One of my criticisms of Ann Bolch's executive summary of the GP workforce was that describes (emphasis added):
At present this occupation has a high vacancy level, with 71 per cent of the vacant positions stemming from staff turnover within the industry
I think that this is an inaccurate portrayal of an industry where firstly, GPs are generally self-employed. Therefore while there is a shortage of GPs, not many of these are as employees - so how can you have vacant positions when such positions are rarely as an employee, and as such are not advertised?
Secondly, once a GP has completed training, they do not generally move from practice to practice in the same way that, for example, an accountant might. I would consider "turnover within the industry" to mean that a GP is poached from one practice to another. Someone please correct me if I am wrong, but I don't think this is commonplace.
Lastly, Anonymous states that:
There is significant turnover of General Practitioners. Many go off into other careers. These are the people that go onto specialize, namely in fields such as psychiatry and O & G.
1:10 AM, September 15, 2007
My response was, and remains:
I stand by my statement that it is unusual and uncommon for a GP to do anything other than work until they retire from medicine. Perhaps a small number of GPs give up medicine because it is too frustrating and decide to run hobby farms, play the stock market, or start up non-medical businesses instead - but you can hardly call that staff turnover.
Perhaps we are disagreeing over the semantics of the term "turnover". I see turnover as when someone gets fired, or leaves to go to another job (as Ann Bolch says, "within the industry"). Generally I don't think you can have staff turnover when GPs are not usually "staff" anyway - but clearly if we are to make any sense of her description we must try to read between the lines rather than taking Ann Bolch's words literally.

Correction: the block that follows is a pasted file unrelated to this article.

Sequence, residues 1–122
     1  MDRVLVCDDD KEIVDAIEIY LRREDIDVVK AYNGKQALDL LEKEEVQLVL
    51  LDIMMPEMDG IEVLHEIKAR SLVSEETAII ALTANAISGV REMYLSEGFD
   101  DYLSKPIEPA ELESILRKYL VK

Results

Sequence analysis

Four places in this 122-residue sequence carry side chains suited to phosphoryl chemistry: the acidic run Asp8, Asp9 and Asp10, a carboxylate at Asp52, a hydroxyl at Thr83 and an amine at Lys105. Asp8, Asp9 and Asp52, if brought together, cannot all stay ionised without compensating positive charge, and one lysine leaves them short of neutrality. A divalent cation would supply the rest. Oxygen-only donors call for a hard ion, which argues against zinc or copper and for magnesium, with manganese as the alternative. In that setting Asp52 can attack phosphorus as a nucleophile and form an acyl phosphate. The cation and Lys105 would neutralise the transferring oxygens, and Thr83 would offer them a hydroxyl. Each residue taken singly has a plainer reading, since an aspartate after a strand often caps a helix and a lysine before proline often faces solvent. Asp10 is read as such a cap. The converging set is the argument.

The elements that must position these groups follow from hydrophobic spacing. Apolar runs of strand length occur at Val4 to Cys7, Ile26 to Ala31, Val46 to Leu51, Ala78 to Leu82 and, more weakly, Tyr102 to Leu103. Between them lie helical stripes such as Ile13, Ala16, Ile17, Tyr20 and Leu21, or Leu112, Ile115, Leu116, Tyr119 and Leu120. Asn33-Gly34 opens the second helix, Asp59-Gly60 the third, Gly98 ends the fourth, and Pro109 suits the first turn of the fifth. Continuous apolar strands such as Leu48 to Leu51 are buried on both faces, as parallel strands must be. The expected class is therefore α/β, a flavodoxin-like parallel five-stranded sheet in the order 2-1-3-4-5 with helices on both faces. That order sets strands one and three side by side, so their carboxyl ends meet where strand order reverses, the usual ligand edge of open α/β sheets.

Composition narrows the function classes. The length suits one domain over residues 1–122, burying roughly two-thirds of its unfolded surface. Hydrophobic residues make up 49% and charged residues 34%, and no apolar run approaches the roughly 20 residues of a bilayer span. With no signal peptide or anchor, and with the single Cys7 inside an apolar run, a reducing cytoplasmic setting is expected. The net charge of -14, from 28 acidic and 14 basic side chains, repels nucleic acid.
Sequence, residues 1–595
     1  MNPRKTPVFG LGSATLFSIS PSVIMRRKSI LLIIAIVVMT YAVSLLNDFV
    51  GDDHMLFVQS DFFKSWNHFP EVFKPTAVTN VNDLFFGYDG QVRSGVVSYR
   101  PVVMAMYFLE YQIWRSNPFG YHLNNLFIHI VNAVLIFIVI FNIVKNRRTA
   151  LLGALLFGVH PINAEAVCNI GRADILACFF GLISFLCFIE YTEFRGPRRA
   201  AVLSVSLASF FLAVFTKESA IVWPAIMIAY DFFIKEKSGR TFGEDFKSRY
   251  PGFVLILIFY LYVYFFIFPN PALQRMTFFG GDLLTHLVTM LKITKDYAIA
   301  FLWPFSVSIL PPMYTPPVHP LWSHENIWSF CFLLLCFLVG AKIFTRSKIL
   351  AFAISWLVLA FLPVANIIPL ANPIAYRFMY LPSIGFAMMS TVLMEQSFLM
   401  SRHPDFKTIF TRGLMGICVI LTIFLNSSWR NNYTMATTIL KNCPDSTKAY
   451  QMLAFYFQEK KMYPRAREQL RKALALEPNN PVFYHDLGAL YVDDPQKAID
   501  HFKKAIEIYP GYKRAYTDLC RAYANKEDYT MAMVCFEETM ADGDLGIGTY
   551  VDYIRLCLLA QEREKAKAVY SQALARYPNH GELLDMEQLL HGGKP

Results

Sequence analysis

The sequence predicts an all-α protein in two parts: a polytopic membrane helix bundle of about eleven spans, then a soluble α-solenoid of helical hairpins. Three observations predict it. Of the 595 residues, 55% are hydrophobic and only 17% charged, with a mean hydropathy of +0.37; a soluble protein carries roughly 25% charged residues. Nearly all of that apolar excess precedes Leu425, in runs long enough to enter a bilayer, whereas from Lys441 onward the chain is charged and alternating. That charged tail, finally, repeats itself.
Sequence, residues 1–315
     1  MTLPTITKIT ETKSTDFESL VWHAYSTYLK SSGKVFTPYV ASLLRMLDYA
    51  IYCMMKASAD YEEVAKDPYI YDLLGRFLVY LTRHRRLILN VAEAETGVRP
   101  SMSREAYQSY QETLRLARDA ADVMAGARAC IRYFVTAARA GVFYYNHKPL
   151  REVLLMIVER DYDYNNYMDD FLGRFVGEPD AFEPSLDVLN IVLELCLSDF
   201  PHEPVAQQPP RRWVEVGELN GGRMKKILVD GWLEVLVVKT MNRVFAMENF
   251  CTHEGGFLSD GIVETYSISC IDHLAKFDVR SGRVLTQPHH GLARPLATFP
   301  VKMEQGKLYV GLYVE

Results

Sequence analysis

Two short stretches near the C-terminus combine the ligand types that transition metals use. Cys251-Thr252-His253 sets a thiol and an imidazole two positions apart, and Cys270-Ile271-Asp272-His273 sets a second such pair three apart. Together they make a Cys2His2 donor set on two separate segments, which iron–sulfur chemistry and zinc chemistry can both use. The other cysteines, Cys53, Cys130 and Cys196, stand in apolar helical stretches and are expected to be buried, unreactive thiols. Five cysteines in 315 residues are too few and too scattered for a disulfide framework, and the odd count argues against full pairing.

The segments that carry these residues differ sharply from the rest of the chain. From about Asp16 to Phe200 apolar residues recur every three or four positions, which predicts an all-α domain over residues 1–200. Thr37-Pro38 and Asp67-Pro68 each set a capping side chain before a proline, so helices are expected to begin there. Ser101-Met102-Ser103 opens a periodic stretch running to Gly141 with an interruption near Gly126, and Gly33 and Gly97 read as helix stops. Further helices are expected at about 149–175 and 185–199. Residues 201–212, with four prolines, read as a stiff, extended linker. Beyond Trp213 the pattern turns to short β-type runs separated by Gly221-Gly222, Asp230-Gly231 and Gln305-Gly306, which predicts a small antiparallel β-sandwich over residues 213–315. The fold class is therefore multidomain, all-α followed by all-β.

As for Anon's concept that a large and significant proportion of GPs go into other careers or specialise... I can't find anything to back this up. Instead, there is a plethora of workforce studies citing the impact of age-related retirement on attrition in the GP workforce.
- Schofield, Fletcher. Medical Retention and Retirement in Australia, 2000 to 2025 - Presented to International Medical Workforce Conference, Vancouver, Canada, March 2007 (PDF)
- NB Schofield and Fletcher again use the terms "General Physicians" to describe General Practitioners. This adds to the degree of confusion but I understand they may have done this for the benefit of the North American audience.
- Schofield. Submission to Health Workforce Study, Productivity Commission, 2005 (PDF)
- Schofield, Beard. Baby boomer doctors and nurses: demographic change and transitions to retirement. MJA 2005; 183 (2): 80-83
- Schattner, Coman. The stress of metropolitan general practice. MJA 1998; 169: 133-137
While Schattner & Coman did find that "Fifty per cent of respondents had considered leaving their current workplace and 53% had considered abandoning general practice because of occupational stress" this does not translate to GPs actually leaving practice. Rittenhouse et alia (No Exit: An Evaluation of Measures of Physician Attrition. Health Services Research 39 (5), 1571–1588) writes:
The strongest predictor of both intention to leave clinical practice and actual departure from practice was older age. Physician dissatisfaction had a strong association (OR=5.6) with intention to leave clinical practice, but was not associated with actual departure from practice.
The closest that I could find to support Anonymous' point of view was this section of the Health Workforce Study Report (PDF, Dec 2005):
And in the area of general practice, the Australian College of non-VR General Practitioners said that because of the differential treatment of their members (that account for 10 per cent of the total GP workforce) who receive less than 70 per cent of the Medicare rebate available to vocationally registered GPs:Non VR GPs have been leaving general practice ... and moving into other sub-specialities such as women’s health, cosmetic surgery, skin clinics, insurance companies and workcover clinics where the rate of pay is more attractive.
(sub. 128, p. 1)
To Anon - I don't disagree that GP work can be financially and personally frustrating, and that GPs may choose to expedite their retirement as a result of this. Many other specialties share your frustration. I also agree that GPs may choose to subspecialise into areas of interest such as Sexual Health, Mental Health, Obstetrics, GP Anaesthesia, Rural GP practice, Chronic Pain, Acupuncture, Erectile Function, Cardiac Screening, or Skin Cancer treatment. But these GPs are not undertaking recognised Specialist Training (especially as far as the Federal Government is concerned) and they continue to provide services within the realm of General Practice.
I think there is little to be gained in you or I escalating this tiff over the definition of the word "turnover", but I suspect you will respond anyway.